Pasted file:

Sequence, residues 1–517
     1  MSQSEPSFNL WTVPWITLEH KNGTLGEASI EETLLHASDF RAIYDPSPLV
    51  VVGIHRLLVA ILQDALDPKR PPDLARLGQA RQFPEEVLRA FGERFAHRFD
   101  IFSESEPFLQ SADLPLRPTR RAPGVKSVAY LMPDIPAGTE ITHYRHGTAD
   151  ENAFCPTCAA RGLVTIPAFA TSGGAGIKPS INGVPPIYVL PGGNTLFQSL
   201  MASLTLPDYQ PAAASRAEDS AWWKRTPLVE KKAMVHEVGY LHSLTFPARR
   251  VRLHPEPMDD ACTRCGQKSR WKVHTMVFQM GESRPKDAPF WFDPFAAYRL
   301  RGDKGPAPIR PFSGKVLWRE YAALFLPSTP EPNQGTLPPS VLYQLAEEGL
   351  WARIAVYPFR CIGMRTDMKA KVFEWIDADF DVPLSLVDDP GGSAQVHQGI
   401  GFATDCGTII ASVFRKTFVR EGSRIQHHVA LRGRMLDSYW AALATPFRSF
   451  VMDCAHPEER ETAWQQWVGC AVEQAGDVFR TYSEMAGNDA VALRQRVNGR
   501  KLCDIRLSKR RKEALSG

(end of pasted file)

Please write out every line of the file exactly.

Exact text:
Sequence, residues 1–517
     1  MSQSEPSFNL WTVPWITLEH KNGTLGEASI EETLLHASDF RAIYDPSPLV
    51  VVGIHRLLVA ILQDALDPKR PPDLARLGQA RQFPEEVLRA FGERFAHRFD
   101  IFSESEPFLQ SADLPLRPTR RAPGVKSVAY LMPDIPAGTE ITHYRHGTAD
   151  ENAFCPTCAA RGLVTIPAFA TSGGAGIKPS INGVPPIYVL PGGNTLFQSL
   201  MASLTLPDYQ PAAASRAEDS AWWKRTPLVE KKAMVHEVGY LHSLTFPARR
   251  VRLHPEPMDD ACTRCGQKSR WKVHTMVFQM GESRPKDAPF WFDPFAAYRL
   301  RGDKGPAPIR PFSGKVLWRE YAALFLPSTP EPNQGTLPPS VLYQLAEEGL
   351  WARIAVYPFR CIGMRTDMKA KVFEWIDADF DVPLSLVDDP GGSAQVHQGI
   401  GFATDCGTII ASVFRKTFVR EGSRIQHHVA LRGRMLDSYW AALATPFRSF
   451  VMDCAHPEER ETAWQQWVGC AVEQAGDVFR TYSEMAGNDA VALRQRVNGR
   501  KLCDIRLSKR RKEALSG